• The number of floating operations per cycle will also depend on the type of the CPU.

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And, if you intend to find the FLOPS of a graphics card, the number of cores can be much, much higher than the number of cores in a CPU.

In fact, the number of GPU cores can be in the thousands! That is why the FLOPS of GPUs often achieve and surpass Terra FLOPS due to their specialized cores.

How Do You Calculate the FLOPS of a Model?

There are a few specific rules that you need to follow to calculate the FLOPS of a model, which are different for different conditions. In addition to that, you will also need to know the input and output size, number of kernels and more.

Ideally, the rules are:

• Convolutions – FLOPs = 2x Number of Kernel x Kernel Shape x Output Shape.
• Fully Connected Layers – FLOPs = 2x Input Size x Output Size.

How Do You Convert GHz to FLOPS?

In simple words, the answer to this question is: you simply cannot convert GHz into FLOPS easily and precisely, though it is true that GHz or the clock speed of the CPU affects the number of FLOPS performed by it.

This is because these are two different measurements of two things altogether.

However, this is not the only reason to say so.

The clock cycles of different CPUs can be different and therefore multiplying the floating point numbers by variable clock speeds will give different results.

Moreover, the hardware involved in the process also plays a crucial role, and therefore, you will need its value as well.

However, unfortunately, there is hardly any way to convert the performance of the hardware into a numerical value.

What you may get is an average or assumed value, which will give you only a rough or ‘almost’ value.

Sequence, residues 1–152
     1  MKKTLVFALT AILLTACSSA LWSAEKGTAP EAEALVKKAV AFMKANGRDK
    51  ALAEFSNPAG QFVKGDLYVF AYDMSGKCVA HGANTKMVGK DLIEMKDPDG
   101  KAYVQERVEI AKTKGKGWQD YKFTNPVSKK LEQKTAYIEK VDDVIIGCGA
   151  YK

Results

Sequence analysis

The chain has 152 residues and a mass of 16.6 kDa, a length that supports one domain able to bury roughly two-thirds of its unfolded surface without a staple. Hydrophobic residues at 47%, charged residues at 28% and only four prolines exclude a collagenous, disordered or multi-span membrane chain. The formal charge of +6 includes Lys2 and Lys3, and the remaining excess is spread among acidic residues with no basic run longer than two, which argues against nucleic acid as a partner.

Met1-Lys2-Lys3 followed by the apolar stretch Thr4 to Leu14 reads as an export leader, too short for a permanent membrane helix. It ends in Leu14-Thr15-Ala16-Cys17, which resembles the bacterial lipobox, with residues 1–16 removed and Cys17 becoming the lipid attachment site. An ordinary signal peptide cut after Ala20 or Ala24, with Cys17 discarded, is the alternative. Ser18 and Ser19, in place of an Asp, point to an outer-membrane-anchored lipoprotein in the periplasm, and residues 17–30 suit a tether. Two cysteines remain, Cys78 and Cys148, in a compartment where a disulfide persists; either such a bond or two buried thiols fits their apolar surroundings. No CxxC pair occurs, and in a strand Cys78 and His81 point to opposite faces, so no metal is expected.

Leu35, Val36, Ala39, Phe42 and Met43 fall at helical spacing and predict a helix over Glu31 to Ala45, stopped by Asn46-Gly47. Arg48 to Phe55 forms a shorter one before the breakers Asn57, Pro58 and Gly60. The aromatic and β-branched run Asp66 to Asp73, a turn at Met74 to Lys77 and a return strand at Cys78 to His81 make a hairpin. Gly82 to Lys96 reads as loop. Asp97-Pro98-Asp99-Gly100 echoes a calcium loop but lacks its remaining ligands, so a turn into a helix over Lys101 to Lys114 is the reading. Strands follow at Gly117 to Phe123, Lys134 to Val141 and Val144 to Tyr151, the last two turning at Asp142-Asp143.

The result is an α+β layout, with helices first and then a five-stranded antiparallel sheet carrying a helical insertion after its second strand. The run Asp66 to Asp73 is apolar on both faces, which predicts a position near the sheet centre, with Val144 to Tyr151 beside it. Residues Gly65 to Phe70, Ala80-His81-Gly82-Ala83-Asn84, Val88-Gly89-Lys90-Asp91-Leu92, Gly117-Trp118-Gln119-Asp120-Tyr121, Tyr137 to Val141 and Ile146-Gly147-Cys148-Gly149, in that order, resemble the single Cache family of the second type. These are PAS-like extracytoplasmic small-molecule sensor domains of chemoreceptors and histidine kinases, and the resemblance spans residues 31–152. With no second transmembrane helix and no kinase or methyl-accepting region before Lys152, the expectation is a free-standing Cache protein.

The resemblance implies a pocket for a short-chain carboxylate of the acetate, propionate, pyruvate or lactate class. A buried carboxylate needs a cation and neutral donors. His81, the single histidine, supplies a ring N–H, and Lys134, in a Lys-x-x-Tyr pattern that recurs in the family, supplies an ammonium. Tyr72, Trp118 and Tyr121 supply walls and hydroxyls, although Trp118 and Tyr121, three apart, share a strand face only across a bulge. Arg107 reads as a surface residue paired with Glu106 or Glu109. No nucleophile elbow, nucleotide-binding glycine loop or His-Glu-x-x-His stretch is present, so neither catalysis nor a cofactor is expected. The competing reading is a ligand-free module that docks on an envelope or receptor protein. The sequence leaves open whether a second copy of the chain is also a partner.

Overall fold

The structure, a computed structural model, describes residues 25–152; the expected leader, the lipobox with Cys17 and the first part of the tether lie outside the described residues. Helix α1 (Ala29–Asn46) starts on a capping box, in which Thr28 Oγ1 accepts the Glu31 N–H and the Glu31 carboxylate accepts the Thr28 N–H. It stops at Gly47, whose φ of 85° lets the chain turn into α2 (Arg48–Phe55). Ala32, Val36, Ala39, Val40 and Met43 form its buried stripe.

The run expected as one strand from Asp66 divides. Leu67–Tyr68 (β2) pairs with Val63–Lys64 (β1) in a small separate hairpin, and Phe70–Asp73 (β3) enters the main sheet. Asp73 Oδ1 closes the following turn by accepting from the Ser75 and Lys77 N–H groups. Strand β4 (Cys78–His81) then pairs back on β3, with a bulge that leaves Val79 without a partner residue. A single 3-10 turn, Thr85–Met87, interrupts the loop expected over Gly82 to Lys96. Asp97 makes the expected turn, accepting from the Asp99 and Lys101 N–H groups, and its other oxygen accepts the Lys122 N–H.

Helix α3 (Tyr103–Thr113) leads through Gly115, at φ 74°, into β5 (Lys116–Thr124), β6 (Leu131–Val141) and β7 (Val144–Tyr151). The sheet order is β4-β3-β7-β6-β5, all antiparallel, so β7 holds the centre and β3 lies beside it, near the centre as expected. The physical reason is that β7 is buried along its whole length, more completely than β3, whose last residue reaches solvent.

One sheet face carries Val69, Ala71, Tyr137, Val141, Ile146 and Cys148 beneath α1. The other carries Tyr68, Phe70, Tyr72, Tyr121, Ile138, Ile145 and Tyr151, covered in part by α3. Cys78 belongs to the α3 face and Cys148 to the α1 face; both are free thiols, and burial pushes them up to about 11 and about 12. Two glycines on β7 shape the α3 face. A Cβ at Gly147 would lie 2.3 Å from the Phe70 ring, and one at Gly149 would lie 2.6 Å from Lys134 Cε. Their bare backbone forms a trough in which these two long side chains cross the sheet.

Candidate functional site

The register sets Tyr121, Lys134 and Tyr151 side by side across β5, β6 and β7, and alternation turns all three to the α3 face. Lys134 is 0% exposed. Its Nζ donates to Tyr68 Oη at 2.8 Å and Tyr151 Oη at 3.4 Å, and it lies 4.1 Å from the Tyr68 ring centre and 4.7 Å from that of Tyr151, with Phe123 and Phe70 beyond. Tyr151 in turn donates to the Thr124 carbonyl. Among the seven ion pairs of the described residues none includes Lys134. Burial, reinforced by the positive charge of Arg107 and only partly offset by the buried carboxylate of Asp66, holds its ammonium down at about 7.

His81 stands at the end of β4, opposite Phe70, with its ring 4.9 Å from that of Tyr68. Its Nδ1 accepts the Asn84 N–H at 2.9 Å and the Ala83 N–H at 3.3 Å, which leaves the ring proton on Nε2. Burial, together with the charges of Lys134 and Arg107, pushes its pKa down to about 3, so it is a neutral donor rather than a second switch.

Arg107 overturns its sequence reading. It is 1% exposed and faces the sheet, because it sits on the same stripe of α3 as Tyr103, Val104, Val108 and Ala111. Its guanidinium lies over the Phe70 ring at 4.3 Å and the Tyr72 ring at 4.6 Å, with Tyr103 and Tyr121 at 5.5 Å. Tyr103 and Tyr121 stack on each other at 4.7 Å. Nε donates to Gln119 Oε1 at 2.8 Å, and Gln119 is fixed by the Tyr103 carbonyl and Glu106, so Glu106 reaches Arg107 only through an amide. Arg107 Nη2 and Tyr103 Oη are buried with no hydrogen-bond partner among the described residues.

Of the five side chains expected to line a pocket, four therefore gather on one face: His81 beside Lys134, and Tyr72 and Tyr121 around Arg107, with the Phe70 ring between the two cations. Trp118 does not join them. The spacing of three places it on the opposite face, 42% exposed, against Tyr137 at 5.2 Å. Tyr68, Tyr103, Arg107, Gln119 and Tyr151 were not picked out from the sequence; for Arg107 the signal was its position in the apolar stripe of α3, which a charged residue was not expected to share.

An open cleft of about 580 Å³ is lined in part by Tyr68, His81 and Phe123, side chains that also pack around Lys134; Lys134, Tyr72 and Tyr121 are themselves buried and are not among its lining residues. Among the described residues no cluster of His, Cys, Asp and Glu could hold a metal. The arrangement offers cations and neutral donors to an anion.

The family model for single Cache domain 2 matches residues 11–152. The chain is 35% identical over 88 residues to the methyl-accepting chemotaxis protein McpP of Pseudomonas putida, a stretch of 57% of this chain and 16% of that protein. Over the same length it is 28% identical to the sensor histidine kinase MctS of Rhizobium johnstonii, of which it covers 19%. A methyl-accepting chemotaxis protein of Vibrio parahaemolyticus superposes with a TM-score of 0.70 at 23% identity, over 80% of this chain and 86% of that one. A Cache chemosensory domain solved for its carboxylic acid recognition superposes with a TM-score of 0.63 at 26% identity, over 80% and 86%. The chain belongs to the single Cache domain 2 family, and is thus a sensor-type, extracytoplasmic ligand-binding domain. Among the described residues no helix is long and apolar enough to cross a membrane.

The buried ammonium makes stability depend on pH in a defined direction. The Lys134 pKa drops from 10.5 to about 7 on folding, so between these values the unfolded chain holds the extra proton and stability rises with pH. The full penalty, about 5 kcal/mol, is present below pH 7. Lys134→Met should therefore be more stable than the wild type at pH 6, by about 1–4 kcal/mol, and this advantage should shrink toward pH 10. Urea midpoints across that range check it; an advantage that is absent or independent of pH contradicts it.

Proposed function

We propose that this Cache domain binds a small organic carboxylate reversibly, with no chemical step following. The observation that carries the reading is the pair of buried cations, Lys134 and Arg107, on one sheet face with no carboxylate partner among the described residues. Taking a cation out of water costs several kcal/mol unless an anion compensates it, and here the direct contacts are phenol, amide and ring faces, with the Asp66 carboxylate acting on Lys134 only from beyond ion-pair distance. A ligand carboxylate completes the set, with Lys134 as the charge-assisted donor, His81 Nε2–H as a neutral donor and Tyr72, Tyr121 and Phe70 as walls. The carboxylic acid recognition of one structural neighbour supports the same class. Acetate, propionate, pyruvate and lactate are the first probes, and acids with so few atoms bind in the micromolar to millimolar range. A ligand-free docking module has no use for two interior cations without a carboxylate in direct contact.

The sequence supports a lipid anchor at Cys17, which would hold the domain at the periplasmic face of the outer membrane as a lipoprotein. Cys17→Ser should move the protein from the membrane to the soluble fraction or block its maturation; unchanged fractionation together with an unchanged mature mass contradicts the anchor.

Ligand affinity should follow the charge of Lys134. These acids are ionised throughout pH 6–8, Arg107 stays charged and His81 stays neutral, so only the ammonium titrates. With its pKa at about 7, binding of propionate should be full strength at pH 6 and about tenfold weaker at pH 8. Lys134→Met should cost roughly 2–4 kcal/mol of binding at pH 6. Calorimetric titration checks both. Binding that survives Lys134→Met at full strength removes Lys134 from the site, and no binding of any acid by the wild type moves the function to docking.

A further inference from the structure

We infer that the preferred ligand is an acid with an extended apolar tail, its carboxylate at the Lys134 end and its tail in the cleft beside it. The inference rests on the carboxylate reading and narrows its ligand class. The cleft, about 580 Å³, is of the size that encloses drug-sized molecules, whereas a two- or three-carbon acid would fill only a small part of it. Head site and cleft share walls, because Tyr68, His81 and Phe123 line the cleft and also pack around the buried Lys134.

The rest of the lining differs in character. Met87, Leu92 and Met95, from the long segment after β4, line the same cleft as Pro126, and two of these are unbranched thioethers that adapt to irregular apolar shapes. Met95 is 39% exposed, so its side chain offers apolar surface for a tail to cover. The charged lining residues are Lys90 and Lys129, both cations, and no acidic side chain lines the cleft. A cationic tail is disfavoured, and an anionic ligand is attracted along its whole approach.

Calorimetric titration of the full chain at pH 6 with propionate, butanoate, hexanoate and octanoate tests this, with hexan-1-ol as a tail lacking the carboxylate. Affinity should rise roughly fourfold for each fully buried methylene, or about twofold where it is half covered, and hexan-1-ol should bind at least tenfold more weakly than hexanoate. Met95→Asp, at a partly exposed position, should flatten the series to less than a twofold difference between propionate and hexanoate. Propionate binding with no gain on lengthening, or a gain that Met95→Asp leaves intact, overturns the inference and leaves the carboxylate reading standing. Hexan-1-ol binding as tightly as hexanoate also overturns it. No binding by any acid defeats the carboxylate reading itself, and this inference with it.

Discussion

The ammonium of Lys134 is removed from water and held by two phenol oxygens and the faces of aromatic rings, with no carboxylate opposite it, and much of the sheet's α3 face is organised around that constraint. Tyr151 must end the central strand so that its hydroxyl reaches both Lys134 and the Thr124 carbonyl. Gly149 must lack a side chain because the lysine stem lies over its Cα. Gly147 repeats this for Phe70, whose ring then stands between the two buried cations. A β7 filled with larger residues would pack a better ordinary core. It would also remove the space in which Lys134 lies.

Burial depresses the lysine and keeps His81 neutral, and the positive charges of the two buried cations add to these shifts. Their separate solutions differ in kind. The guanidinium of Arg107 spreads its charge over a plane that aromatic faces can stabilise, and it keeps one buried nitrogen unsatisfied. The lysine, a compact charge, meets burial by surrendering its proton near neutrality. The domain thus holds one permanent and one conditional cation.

This means that multiplying the two numbers will only give you a theoretical peak performance.

Typically, there is no universal method to convert GHz or the clock rate of the processor into FLOPS or the number of floating point operations performed per second.

Apart from the two numbers that may be correlated, there are a lot of other factors that need to be considered such as the value from the memory, latency and more, because all these will affect the overall performance of the CPU.

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Therefore, it is quite impossible to ascertain real workloads and achieve real value.

Questions & Answers:

How Many FLOPS a Computer Can Calculate?

Ideally, most of the computers are within the Giga FLOPS or 10^9 range. However, a few supercomputers can calculate 1 Tera FLOPS or 10^12 operations, which, in simple words, is one trillion floating point operations per second.

Ideally, the FLOPS for any given code is given by the formula: (n*(n-1)/2) + (n*(n+1)/2). This is equal to n^2 + O(n).

How Many FLOPS the Supercomputers Can Achieve?

A supercomputer can perform as many as one quadrillion floating point operations per second. This is quite high because supercomputers are considered to be the most powerful computers.

What is FLOPS in Object Detection?

In object detection, the FLOPS are one or a couple of orders of magnitude higher with respect to the processing of the given task.

However, in a practical scenario and application, it refers to the precision trade-off proposal and the effective runtime.

Why is Performance Measured in FLOPS?

The primary reason to use FLOPS instead of MIPS or others for measuring the performance of a processor and a computer system is that the statistics are more effective.

It is also due to the fact that the math used in floating point is suitable for any given type of up to date applications.

Why is FLOPS Better than MIPS?

FLOPS is better than MIPS because the values have a specific bearing on the process and the computational abilities of the computer system.

Moreover, the fact that this is typically based on the operations rather than the instructions involved in a program gives it more authenticity and a much stronger claim on the effectiveness and fairness of the comparison between two different computers.

Is Higher FLOPS Better?

Apparently, it may seem that the higher the number of FLOPS, the faster will be the performance of the computer. However, it is not true because it depends on the clock cycles of the CPU or the time taken by it to complete those many floating point operations.

The type of CPU and hardware play a significant role. In fact, the higher the FLOPS, the slower the model will be and the lower the throughput will be. So, the lower the FLOPS, the better.

Conclusion

FLOPS or Floating Point per Second is an important measure that helps to determine the performance level of a computer.

In fact, it tells how many non-integer operations the CPU of the system can handle.

It is much better than MIPS because it is more accurate and is therefore a more reliable measure.